Publications by authors named "Geetasravya Vegunta"

2 Publications

  • Page 1 of 1

Adenosine kinase: An epigenetic modulator in development and disease.

Neurochem Int 2021 Jul 5;147:105054. Epub 2021 May 5.

Department of Neurosurgery, Robert Wood Johnson Medical School, Rutgers University, Piscataway, NJ 08854, USA; Department of Neurosurgery, New Jersey Medical School, Rutgers University, Newark, NJ 07102, USA; Brain Health Institute, Rutgers University, Piscataway, NJ 08854, USA. Electronic address:

Adenosine kinase (ADK) is the key regulator of adenosine and catalyzes the metabolism of adenosine to 5'-adenosine monophosphate. The enzyme exists in two isoforms: a long isoform (ADK-long, ADK-L) and a short isoform (ADK-short, ADK-S). The two isoforms are developmentally regulated and are differentially expressed in distinct subcellular compartments with ADK-L localized in the nucleus and ADK-S localized in the cytoplasm. The nuclear localization of ADK-L and its biochemical link to the transmethylation pathway suggest a specific role for gene regulation via epigenetic mechanisms. Recent evidence reveals an adenosine receptor-independent role of ADK in determining the global methylation status of DNA and thereby contributing to epigenomic regulation. Here we summarize recent progress in understanding the biochemical interactions between adenosine metabolism by ADK-L and epigenetic modifications linked to transmethylation reactions. This review will provide a comprehensive overview of ADK-associated changes in DNA methylation in developmental, as well as in pathological conditions including brain injury, epilepsy, vascular diseases, cancer, and diabetes. Challenges in investigating the epigenetic role of ADK for therapeutic gains are briefly discussed.
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http://dx.doi.org/10.1016/j.neuint.2021.105054DOI Listing
http://www.ncbi.nlm.nih.gov/pmc/articles/PMC8178237PMC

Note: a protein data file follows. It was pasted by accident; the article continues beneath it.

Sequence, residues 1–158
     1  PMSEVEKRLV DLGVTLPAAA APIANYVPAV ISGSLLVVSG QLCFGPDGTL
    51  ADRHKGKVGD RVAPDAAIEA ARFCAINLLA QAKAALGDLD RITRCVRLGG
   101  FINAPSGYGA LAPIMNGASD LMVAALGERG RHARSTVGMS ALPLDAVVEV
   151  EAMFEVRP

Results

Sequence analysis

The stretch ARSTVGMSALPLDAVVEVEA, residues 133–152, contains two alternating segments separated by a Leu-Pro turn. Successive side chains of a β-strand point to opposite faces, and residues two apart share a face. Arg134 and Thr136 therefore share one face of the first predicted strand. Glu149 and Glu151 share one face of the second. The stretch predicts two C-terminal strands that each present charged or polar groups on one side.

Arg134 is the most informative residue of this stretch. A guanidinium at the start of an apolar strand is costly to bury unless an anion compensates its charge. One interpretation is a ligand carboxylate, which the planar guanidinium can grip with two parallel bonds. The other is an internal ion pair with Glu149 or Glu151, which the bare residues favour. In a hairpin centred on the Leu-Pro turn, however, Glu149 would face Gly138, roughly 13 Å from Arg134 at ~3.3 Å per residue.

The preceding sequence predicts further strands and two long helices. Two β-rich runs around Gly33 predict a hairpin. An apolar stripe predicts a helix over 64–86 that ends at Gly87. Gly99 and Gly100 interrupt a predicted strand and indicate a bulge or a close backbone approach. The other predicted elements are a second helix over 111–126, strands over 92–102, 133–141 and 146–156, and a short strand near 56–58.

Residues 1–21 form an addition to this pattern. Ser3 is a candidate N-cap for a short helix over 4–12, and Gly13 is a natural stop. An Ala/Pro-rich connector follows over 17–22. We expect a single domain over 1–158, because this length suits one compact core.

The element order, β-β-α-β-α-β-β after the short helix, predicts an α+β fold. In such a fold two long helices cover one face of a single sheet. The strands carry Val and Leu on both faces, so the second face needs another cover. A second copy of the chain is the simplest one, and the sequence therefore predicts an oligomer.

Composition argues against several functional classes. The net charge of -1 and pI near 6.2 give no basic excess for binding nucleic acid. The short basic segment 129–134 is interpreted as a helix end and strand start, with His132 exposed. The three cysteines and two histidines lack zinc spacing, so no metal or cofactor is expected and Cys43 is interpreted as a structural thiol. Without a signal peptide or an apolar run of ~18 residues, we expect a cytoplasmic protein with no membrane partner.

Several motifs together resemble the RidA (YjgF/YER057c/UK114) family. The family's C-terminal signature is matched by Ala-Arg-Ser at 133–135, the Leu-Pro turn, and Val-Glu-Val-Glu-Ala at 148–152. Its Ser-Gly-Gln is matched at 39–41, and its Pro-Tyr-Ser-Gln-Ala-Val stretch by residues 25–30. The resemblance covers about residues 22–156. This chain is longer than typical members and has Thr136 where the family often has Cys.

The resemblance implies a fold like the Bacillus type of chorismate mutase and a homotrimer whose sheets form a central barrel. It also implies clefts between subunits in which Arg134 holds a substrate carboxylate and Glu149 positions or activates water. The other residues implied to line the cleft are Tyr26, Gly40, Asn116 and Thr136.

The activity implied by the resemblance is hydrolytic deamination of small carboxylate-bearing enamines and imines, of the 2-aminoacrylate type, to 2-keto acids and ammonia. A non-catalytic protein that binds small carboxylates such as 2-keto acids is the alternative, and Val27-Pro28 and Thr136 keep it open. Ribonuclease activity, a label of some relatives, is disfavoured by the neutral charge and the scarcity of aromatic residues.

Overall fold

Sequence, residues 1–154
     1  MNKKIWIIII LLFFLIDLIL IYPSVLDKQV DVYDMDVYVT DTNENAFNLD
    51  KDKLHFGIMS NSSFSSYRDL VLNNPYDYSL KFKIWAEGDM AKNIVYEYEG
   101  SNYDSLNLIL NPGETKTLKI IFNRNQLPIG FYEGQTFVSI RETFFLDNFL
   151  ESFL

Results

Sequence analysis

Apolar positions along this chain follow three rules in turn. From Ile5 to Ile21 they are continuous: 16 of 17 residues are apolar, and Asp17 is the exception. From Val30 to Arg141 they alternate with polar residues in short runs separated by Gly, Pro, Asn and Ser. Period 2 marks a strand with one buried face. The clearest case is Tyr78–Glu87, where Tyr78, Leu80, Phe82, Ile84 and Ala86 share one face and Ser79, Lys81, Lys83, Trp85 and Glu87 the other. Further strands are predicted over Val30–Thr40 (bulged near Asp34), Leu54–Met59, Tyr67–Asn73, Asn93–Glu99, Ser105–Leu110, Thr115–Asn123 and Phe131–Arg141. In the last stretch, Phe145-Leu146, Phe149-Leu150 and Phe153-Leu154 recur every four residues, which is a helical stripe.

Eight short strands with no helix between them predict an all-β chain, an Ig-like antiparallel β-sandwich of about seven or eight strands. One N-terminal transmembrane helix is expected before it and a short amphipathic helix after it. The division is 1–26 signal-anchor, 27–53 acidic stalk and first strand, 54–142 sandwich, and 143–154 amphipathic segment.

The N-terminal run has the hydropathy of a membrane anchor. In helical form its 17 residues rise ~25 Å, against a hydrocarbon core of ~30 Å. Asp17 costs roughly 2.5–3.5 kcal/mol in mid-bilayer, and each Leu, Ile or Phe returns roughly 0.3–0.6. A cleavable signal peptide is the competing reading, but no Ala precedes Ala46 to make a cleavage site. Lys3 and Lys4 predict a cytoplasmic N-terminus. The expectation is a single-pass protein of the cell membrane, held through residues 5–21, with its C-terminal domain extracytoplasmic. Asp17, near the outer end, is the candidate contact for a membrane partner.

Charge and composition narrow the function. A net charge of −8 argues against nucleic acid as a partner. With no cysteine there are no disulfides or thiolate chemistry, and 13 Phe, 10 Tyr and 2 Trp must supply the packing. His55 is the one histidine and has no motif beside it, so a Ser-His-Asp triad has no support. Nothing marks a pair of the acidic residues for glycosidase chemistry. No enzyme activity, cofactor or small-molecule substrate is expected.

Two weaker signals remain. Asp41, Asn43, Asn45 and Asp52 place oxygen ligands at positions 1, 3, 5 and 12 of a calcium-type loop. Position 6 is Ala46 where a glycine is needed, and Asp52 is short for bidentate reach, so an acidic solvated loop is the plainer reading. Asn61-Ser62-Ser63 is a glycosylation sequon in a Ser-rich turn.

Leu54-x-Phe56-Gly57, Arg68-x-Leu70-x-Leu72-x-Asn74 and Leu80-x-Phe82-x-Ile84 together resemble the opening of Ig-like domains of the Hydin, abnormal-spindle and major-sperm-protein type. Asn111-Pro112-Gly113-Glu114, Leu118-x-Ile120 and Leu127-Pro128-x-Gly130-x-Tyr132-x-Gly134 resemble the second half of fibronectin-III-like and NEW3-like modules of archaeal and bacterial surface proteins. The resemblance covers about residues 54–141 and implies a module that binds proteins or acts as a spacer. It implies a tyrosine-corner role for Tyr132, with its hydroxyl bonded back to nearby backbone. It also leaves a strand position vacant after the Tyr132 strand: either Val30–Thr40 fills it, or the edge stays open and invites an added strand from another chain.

July 2021

Chemokine signaling mediated monocyte infiltration affects anxiety-like behavior following blast injury.

Brain Behav Immun 2020 08 30;88:340-352. Epub 2020 Mar 30.

Department of Biomedical Engineering, Center for Injury Biomechanics Materials and Medicine, New Jersey Institute of Technology, Newark, NJ 07102, United States. Electronic address:

The activation of resident microglia and infiltrated monocytes are known potent mediators of chronic neuroinflammation following traumatic brain injury (TBI). In this study, we use a mouse model of blast-induced TBI (bTBI) to investigate whether microglia and monocytes contribute to the neuroinflammatory and behavioral consequences of bTBI. Eight-ten week old mice were subject to moderate TBI (180 kPa) in a shock tube. Using double transgenic CCR2 CX3CR1 mice, we were able to note that in addition to resident Cx3CR1+ microglia, infiltrating CCR2+ monocytes also contributed to the expanding macrophage population that was observed after bTBI. The microglia activation and monocyte infiltration occurred as early as 4 h and lasted up to 30d after blast exposure, suggesting chronic inflammation. The infiltration of monocytes may be partly mediated by chemokine CCL2-CCR2 signaling axis and compromised blood brain barrier permeability. Hence, bTBI-induced infiltration of monocytes and production of IL-1β were prevented in mice lacking CCR2 (CCR2 KO). Finally, this study showed that interference of monocyte infiltration using CCR2 KO, ameliorated the chronic effects of bTBI such as anxiety-like behavior and short-term memory decline. Taken together, these data suggest that bTBI leads to activation of both resident microglia and infiltrated monocytes. The infiltration of monocytes was partly mediated by CCL2-CCR2 signaling, which in turn contributes to increased production of IL-1β leading to behavioral deficits after bTBI. Furthermore, bTBI induced behavioral outcomes were reduced by targeting CCL2-CCR2 signaling, highlighting the significance of this signaling axis in bTBI pathology.
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http://dx.doi.org/10.1016/j.bbi.2020.03.029DOI Listing
August 2020